The Association of British Bookmakers (ABB) has welcomed the Government’s decision to introduce a new funding system for horseracing, but warned that any new development should not be taken in isolation from other issues.
This morning, during a debate in the House of Commons, Culture Secretary John Whittingdale announced that the Government plans to introduce a new system which will replace the next Levy Scheme – one that will capture payments from both retail bookmakers and online bookmakers.
He said: “Our aim is to introduce a new funding arrangement for British racing by April 2017. We will create a level playing field for British-based and offshore gambling operators, and ensure a fair return from all bookmakers to racing, including those based offshore.
“Racing will be responsible for making decisions on spending the new fund and we’ll be making further announcements shortly.”
The ABB commented: “We will be working closely with the Government and horse racing on the critical and so far undecided detail of the new system to ensure that any new levy is both fair to horse racing and the betting industry.”
It added that a “fair return” should mean fair for both parties: “The amount that racing receives from betting, particularly in media payments, has grown by tens of millions in recent years. On top of this, betting shops already bear an unfair burden and the current rate of 10.75% is unsustainable for the retail sector.
“Any new deal on levy has to be fair to betting shops and should be based on an accurate assessment of the level of subsidy required to support horse racing.”
British Horseracing Authority chief executive Nick Rust described the announcement as ‘ truly historic’. He added: “We now have a great opportunity to bring together racing and betting in tackling the sport’s funding issues for the benefit of all parties, and this is something that we are actively pursuing.
“We want to focus the joint efforts of racing and betting on innovation and growth in the sport as a betting product.”
Given the current standoff between racing and bookmakers regarding the Authorised Betting Partner (ABP) policy introduced this year, where bookmakers are refused sponsorship of the sport unless they meet racing’s demands for payments of a certain level on online business, bringing together the two factions will be complicated.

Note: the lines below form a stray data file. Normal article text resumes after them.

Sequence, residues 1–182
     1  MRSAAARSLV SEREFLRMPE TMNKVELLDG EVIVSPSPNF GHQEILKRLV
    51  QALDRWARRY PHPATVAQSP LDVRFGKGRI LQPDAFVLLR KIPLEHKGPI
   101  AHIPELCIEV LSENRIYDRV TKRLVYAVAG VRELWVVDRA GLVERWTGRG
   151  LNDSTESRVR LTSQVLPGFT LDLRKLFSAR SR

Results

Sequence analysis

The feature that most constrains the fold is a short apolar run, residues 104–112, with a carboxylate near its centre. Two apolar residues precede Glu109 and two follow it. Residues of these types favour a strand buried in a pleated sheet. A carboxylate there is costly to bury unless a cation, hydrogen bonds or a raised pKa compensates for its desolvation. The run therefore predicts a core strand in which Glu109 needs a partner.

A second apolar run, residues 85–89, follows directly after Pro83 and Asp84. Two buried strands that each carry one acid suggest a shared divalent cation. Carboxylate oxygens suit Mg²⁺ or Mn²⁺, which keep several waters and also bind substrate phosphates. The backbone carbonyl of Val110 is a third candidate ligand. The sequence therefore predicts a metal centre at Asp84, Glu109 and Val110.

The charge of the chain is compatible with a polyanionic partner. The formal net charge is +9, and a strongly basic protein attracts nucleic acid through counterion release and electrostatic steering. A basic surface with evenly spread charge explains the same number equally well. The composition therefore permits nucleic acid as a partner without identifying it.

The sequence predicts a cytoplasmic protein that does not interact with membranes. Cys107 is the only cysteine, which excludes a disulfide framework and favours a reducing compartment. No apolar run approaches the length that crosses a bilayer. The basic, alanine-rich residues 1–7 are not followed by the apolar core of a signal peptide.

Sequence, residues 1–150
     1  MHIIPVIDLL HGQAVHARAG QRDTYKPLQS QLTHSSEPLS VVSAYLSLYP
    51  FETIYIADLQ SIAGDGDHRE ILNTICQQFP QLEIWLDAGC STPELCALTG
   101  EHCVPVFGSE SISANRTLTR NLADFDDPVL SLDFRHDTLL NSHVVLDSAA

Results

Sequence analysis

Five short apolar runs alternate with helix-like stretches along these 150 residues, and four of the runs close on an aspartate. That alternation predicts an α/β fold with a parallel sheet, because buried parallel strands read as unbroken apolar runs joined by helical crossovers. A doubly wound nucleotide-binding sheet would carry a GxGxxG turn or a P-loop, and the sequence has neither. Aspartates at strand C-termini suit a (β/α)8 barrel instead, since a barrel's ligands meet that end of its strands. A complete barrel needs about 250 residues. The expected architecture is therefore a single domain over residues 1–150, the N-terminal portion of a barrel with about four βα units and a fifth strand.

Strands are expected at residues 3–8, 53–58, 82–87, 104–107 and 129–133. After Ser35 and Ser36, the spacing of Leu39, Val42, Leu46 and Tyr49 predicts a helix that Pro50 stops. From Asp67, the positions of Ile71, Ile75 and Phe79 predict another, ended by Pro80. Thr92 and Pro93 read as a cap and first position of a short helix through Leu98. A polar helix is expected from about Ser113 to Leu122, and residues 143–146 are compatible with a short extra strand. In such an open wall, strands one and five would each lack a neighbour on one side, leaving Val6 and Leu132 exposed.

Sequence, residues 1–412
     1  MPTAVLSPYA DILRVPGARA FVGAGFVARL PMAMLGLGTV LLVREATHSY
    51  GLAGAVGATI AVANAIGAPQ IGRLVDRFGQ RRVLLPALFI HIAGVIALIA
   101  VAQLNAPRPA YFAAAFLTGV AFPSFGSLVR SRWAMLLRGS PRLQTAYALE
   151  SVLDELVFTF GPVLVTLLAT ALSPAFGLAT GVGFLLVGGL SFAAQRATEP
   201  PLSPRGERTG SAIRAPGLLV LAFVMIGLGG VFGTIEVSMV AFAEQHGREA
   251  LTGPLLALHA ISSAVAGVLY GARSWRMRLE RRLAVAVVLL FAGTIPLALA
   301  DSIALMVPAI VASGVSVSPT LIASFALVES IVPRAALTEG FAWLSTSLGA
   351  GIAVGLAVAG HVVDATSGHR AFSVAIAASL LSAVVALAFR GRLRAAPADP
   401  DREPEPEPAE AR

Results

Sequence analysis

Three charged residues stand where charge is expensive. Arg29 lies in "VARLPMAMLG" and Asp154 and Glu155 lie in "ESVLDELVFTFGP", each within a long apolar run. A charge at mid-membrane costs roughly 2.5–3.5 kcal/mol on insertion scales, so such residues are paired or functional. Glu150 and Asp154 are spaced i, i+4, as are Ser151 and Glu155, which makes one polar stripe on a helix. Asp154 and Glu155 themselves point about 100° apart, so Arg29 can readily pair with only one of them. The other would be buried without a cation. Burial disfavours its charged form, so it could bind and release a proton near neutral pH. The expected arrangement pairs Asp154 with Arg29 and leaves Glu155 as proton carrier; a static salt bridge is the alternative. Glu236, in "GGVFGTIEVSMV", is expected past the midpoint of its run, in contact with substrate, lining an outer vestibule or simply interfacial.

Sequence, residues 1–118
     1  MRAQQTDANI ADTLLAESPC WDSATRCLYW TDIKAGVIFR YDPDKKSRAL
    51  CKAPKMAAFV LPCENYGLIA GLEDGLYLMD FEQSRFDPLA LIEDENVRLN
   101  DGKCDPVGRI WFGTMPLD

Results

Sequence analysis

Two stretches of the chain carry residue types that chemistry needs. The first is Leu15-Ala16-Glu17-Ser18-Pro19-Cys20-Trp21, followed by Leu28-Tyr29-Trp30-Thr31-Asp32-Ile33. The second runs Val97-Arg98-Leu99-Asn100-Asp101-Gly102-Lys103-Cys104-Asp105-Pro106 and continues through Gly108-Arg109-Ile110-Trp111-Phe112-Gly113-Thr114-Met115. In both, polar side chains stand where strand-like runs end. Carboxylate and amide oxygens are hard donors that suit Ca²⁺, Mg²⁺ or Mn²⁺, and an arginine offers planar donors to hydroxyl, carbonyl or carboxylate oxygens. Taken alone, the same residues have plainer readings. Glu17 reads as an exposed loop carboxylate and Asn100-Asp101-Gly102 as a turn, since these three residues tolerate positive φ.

Betfair, bet365, 32Red and BetVictor have so far signed up to the new system, with the four bookmakers having agreed to make enough voluntary contributions from their remote activity to satisfy the racing authorities. Other established bookmakers like Ladbrokes, Betfred, Coral, William Hill and Paddy Power have yet to agree to ABP status.
Given Paddy Power’s merger with Betfair, it will be interesting to see how that effects the ABP status of the enlarged group. It would also suggest that the ABP status has a very limited shelf life; if a new law is to come in next year dealing with funding then all bookmakers will be paying the same rate.
What was also interesting is what was not said by Whittingdale. There was no mention of the ‘betting right’ that racing had been lobbying for, and indeed George Osborne suggested in his Budget last year, and it appears that the new funding mechanism might be an alteration of the current Levy Scheme.
However the Levy Scheme is a hard one to alter legally. Back in 2001 the Labour Government had the scrapping of the Levy Board, which had funded the sports of horseracing since 1961 through statutory payments from bookmakers, as part of its manifesto and twice aborted plans to close it down after failing to find an alternative.
In discovering a pathway for future funding of the industry, maybe Whittingdale has succeeded whether many others have failed. We wont know how robust this new system is until the details are revealed.